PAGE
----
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Question about liminf of the sum of two sequences

  1. Oct 22, 2009 #1
    I know that for any two real sequences x_n and y_n, we have

    [tex]
    \liminf_{n\to \infty} x_n + \liminf_{n\to \infty} y_n \leq \liminf_{n\to \infty} (x_n + y_n).
    [/tex]

    I also know that, if one of the sequences converges, the inequality becomes equality. My question is this: If I've managed to show that

    [tex]
    \liminf_{n\to \infty} x_n + \liminf_{n\to \infty} y_n = \liminf_{n\to \infty}(x_n + y_n),
    [/tex]

    can I conclude that one, or both, of the sequences converge? A simple yes/no would suffice, but (of course) I'd prefer a short proof or counterexample. Thanks!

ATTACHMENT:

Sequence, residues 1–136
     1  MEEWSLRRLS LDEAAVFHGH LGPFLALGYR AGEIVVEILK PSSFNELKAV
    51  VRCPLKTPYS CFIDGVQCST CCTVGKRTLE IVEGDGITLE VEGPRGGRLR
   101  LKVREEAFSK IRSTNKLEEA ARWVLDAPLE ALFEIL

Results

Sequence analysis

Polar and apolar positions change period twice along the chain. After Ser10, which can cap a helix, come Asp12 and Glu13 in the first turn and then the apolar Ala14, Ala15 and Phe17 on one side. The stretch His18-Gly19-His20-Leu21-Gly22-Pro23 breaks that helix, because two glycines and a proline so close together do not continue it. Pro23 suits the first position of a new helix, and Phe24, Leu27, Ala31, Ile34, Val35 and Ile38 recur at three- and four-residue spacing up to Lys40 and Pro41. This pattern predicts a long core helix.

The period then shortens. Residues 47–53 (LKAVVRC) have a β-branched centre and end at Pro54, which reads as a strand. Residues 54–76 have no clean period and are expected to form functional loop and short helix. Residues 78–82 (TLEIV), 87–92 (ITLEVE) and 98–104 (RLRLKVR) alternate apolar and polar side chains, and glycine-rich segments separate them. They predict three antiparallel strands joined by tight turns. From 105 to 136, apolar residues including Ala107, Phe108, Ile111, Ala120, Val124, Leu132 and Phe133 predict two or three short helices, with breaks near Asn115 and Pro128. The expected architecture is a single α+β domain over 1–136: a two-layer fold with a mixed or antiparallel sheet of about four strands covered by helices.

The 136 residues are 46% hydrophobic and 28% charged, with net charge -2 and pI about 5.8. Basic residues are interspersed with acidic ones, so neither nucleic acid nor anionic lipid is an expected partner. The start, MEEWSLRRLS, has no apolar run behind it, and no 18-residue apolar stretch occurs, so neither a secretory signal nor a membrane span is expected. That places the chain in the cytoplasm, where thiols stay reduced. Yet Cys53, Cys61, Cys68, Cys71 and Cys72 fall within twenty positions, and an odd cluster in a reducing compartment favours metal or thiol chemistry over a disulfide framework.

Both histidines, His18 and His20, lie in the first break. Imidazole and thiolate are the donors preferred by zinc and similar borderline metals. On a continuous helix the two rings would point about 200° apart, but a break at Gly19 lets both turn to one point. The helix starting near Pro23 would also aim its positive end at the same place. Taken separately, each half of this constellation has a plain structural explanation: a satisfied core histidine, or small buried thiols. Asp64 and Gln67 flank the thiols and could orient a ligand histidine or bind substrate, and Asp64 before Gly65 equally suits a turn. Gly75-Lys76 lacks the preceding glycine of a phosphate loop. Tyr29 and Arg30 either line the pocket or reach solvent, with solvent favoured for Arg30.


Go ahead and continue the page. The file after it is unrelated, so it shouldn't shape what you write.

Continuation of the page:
2. jcsd
  3. Oct 22, 2009 #2

    statdad

    User Avatar
    Homework Helper

    What if

    [tex]
    x_n = y_n = (-1)^n
    [/tex]
     
  4. Oct 22, 2009 #3
    Lame! I was hoping both of the sequences had to converge! And what a simple counterexample to prove me wrong! Thanks, though :smile:
     
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